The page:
We aim for accuracy, and as you can see from previous report cards on our work, we are pretty good at what we do. Our full report card for 2016 will be published next week, but in the meantime, subscribers can check out our mid-year evaluation here.
But another aim that is almost as important is to be very clear about what we are forecasting. We would rather be wrong and have made a clear forecast than offer a vaguely worded “prediction” that is unfalsifiable.
Therefore, we spend less time explaining how we arrived at a given conclusion, and more time clearly stating what we think is going to happen and how that will shape the world. A forecast is not an analysis—it is the culmination of analysis. That means that a certain amount of information about how we arrived at a particular forecast is always left out. If it weren’t, the forecast would read like a volume of Tolstoy, and no matter how brilliant Tolstoy was, his writing style is not well suited for forecasting.
We’ll kick off this series by looking at the current situation in Russia, which we believe is in for a difficult year.
Russia’s Military Capability
We began the forecasting process with Russia by looking at the country’s military capability. Russia has intervened in Syria to great fanfare, and while it has demonstrated undeniable improvements in some of its capabilities, the Russian military is far weaker than most make it out to be. Our 2016 forecast predicted a frozen conflict in Ukraine, and we came to the conclusion that this frozen conflict will be formalized in 2017 by answering a very basic question: What is the Russian military capability in Ukraine and in general?

The answer is found not by looking at events pertaining to the Ukrainian revolution in 2014, but rather the performance of the Russian military in the 2008 Georgia War. Russia achieved all of its strategic objectives in that five-day war, but serious deficiencies in Russian capabilities were revealed. Operational and tactical logistics left much to be desired, as the Russians had serious difficulties maintaining supply lines for food, fuel, and ammunition. Much of Russia’s military equipment was old and falling apart, Russian suppression of enemy air defenses (SEAD) and electronic warfare capabilities were deficient, and use of precision-guided munitions was rare.
Joint operational planning between different services was either nonexistent or ineffective.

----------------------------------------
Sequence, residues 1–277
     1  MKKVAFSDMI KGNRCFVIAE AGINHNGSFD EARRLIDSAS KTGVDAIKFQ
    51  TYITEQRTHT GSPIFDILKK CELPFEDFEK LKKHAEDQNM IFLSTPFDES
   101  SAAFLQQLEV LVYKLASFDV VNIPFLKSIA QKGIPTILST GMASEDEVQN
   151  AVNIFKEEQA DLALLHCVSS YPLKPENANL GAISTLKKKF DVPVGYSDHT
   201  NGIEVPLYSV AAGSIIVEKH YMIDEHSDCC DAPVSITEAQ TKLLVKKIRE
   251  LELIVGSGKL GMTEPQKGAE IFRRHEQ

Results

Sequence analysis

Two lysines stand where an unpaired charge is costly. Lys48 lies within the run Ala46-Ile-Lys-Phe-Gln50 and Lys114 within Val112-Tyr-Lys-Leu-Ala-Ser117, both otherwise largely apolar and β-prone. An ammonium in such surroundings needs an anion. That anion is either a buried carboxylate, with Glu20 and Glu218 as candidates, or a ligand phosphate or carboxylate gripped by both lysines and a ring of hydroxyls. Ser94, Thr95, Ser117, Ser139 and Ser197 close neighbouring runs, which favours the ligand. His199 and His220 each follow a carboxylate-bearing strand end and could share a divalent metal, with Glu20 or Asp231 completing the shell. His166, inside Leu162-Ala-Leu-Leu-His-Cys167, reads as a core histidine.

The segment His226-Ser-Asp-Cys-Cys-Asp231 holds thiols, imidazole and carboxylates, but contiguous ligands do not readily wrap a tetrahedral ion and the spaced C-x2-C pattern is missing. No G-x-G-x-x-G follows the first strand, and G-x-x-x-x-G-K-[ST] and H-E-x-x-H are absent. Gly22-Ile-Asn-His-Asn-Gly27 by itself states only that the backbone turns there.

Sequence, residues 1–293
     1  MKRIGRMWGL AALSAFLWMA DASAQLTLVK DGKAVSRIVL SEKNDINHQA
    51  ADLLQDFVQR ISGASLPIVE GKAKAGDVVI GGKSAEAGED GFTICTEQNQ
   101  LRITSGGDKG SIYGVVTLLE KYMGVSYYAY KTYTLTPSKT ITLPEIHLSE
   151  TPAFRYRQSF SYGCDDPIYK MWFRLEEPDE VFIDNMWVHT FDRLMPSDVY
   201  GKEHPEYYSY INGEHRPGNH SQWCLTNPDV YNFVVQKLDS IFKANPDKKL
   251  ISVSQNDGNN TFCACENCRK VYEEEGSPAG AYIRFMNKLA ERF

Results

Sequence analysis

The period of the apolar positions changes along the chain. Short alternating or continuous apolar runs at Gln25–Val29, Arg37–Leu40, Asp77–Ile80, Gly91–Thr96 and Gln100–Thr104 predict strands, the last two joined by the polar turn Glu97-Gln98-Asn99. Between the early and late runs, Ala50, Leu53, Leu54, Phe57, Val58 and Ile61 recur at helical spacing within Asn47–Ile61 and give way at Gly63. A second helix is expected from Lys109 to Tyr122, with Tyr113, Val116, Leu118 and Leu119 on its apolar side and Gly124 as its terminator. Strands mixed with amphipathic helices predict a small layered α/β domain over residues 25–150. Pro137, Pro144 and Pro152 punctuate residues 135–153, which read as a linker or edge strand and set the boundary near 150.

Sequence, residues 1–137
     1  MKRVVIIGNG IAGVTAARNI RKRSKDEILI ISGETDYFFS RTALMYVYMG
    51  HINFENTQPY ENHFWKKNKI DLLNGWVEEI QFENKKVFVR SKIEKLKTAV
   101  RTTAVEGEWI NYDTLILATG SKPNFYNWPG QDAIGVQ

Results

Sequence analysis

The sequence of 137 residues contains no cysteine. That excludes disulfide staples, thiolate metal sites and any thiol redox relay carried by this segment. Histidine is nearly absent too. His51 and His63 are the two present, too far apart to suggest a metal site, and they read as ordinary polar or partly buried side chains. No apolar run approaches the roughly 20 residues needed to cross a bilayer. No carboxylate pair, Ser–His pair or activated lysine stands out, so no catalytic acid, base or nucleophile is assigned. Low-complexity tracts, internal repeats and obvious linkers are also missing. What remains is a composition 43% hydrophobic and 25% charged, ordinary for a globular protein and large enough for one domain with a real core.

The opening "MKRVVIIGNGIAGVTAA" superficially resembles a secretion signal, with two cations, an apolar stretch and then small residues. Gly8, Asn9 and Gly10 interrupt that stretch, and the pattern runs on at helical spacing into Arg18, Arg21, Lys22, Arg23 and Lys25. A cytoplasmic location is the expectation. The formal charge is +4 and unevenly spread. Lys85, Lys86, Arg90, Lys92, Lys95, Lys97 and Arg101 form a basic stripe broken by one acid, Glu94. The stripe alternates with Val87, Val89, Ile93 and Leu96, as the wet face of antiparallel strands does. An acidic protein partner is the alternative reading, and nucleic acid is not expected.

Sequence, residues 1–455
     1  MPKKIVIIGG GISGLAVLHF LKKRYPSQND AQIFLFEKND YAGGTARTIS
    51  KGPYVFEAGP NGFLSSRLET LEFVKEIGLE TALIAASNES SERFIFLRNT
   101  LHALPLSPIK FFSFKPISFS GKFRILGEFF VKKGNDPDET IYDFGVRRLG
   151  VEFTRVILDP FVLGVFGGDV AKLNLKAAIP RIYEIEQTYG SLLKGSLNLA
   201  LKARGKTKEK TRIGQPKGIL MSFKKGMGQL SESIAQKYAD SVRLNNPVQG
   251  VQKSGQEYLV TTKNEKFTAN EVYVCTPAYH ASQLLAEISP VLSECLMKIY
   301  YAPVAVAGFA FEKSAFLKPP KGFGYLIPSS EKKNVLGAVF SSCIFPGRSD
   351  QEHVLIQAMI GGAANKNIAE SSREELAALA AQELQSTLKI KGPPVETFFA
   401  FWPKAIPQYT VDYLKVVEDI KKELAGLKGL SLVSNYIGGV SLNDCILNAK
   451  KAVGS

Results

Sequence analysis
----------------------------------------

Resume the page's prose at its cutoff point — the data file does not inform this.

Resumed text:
After the war, Russia set out on an ambitious and vast military modernization program, reforming everything from doctrine to training to weapons. Russia set clear goals for reducing the number of conscript soldiers to professionalize the force. The 10-year State Armaments Program, announced by President Vladimir Putin in 2010, allocated 19.4 trillion rubles (worth $698.4 billion at the time) to revamp the equipment and weapons used by the Russian armed forces, and Russia’s military expenditures have been increasing both in absolute terms and as a percent of Russia’s GDP ever since.

Russia has taken some impressive steps forward. In 2008, it is unlikely Russia could have fielded a force and deployed it in Syria as it did in 2015. Of all the weapons Russia used in Syria, roughly 20% have been precision-guided munitions, which shows progress… but it also shows how much room Russia has to grow. Russia has deployed unmanned aerial vehicles to help with intelligence gathering, and both SEAD and joint inter-service operations have improved. According to Russian military officials, conscripts in the military have been reduced from roughly 600,000 in 2011, to 200,000 by the end of 2016.

These improvements and the media campaign around the Russian intervention, however, obscure the two most important elements to consider in evaluating the Russian military.
First, despite these improvements, Russia has neither the military capability nor the political capital to conquer Ukraine, even if it wanted to. Russia beat Georgia because Georgia is a small country and Russia could overwhelm the Georgians with larger numbers. Ukraine is eight times the size of Georgia in terms of total land and can field a much larger infantry force. Many of Russia’s Rapid Reaction Forces that would be mobilized in such an action still consist of significant numbers of conscripts. Even if Russia could blitz its way to Kiev, it couldn’t hold the country, considering the long supply lines and Ukraine’s large, hostile population. And if the US or NATO decided to intervene, Russia would require even greater forces.